Team agile approaches such as Scrum, or team-of-team approaches such as [email protected] and SAFe and all their variations are considered frameworks. But these cannot serve as a meta-framework. Indeed one of the chief lessons learned this past decade has been from all the bad outcomes attempting to force-fit an agile framework into a change management process just like another traditional business process improvement program. “Fitting a ‘one size fits all’ large-scale agile framework within an existing organisational structure is challenging,” research finds. The name “dark agile” has even emerged to define this challenge.
I regularly speak to my fellow consultants about times we have been invited in to help reset a failed transformation, including some that were previously touted as successes in publications such as Harvard Business Review. Jon Smart has gone on to call this Antipattern #1, the Capital T Agile Transformation: “A capital A, capital T Agile Transformation, from an employee’s perspective, implies involuntary, mandatory change being done to you, whether you like it or not. The capital T denotes that you must change;the capital A denotes exactly how you’ll change. This provokes fear and resistance for many reasons, including the fear for your survival, which in turn leads to less rational thought as the primitive brain takes over.” As I suggested in Non-Violent Agile, The Microsoft Way.
"Can we at least agree that leading with the intent of changing other people who are not asking to be changed is an immoral, even violent approach?"
To convey concepts of a meta-framework I have previously relied on Steve Denning’s excellent 2010 The Leader’s Guide to Radical Management, Reinventing the Workplace for the 21st Century for his work abstracting the principles of Scrum delivery to a leadership mindset. A lot has been learned since that writing. In leading end-to-end business transformations and consulting for global companies, I have learned there are substantial impediments and complexity to business agility.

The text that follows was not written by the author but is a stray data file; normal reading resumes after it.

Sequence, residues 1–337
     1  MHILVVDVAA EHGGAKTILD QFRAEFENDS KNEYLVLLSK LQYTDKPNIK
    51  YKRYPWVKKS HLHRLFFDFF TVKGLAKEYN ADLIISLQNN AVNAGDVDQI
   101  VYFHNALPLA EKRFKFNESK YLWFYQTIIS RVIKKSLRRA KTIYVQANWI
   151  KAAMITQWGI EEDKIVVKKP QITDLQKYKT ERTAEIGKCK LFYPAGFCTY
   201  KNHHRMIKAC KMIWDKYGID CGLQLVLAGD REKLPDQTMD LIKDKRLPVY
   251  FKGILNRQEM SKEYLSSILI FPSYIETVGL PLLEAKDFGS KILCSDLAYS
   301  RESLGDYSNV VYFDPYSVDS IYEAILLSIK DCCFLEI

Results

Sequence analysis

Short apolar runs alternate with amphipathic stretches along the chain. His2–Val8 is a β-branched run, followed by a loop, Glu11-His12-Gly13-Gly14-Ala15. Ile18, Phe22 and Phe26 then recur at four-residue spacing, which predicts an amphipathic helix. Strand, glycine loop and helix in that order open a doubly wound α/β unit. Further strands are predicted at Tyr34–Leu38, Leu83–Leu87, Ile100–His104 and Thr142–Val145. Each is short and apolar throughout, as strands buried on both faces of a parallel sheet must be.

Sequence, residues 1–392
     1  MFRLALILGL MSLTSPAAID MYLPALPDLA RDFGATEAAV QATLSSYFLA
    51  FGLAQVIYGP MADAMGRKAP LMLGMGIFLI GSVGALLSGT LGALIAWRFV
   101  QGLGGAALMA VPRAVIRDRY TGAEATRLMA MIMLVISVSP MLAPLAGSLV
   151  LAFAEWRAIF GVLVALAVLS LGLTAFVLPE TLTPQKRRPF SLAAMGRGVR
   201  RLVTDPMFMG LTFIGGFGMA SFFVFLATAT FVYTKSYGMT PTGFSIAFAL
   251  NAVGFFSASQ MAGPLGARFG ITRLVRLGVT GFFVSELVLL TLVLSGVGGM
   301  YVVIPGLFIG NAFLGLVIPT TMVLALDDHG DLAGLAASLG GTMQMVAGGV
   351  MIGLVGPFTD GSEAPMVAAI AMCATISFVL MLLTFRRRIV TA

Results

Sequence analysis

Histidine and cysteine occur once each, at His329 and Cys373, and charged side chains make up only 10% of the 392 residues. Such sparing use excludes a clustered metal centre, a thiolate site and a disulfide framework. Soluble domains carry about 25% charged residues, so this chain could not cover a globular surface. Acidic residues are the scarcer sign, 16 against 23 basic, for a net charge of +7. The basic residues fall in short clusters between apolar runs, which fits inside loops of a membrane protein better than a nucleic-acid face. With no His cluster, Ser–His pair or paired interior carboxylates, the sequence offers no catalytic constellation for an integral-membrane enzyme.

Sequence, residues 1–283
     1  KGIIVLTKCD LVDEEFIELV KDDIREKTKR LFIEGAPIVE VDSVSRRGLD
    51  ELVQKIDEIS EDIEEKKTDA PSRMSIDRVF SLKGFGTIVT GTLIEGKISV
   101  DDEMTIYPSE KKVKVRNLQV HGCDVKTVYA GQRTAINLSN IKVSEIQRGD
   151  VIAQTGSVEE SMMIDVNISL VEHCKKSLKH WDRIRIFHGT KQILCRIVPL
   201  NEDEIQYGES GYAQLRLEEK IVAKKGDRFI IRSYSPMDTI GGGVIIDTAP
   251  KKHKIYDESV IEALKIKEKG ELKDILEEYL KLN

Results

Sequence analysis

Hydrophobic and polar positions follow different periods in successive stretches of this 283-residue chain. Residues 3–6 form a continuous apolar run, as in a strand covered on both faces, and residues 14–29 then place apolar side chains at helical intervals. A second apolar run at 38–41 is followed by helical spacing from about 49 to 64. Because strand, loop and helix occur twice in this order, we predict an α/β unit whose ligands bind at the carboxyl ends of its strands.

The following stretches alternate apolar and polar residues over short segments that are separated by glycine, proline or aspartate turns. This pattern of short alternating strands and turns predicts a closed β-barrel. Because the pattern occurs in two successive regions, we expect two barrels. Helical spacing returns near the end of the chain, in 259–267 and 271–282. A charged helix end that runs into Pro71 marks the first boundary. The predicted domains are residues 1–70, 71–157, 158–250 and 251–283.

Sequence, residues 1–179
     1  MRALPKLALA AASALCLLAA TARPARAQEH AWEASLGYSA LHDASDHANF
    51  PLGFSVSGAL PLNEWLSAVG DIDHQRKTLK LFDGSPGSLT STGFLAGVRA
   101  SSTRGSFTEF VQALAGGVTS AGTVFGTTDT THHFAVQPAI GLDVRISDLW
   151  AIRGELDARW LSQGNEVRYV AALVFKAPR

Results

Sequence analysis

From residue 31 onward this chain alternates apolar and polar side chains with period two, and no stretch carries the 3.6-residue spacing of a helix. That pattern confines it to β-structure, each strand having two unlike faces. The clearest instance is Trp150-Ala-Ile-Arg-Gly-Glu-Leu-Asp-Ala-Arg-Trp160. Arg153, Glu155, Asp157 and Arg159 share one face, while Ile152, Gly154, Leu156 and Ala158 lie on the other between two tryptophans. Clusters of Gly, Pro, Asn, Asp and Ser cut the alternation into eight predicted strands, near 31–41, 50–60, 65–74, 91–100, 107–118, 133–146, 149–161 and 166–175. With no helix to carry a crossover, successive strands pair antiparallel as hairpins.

In my search for a meta-framework I came across the 2020 book, Sooner, Safer, Happier by Jon Smart, with Zsolt Berend, Myles Ogilvie, and Simon Rohrer who previously all helped lead the global transformation at 80K employee, 330 year old Barclay’s Bank.
The authors begin with the simple, single goal for any organization, to create value, its very reason for existence. Surrounding the value purpose are four essential elements they name “better, [value] sooner, safer, happier” or abbreviated at BVSSH. Jon Smart admitted they considered their book to be suitable for graduate level educators. Fortunately for me they agreed to support my effort to develop an advanced agile course based on SSH.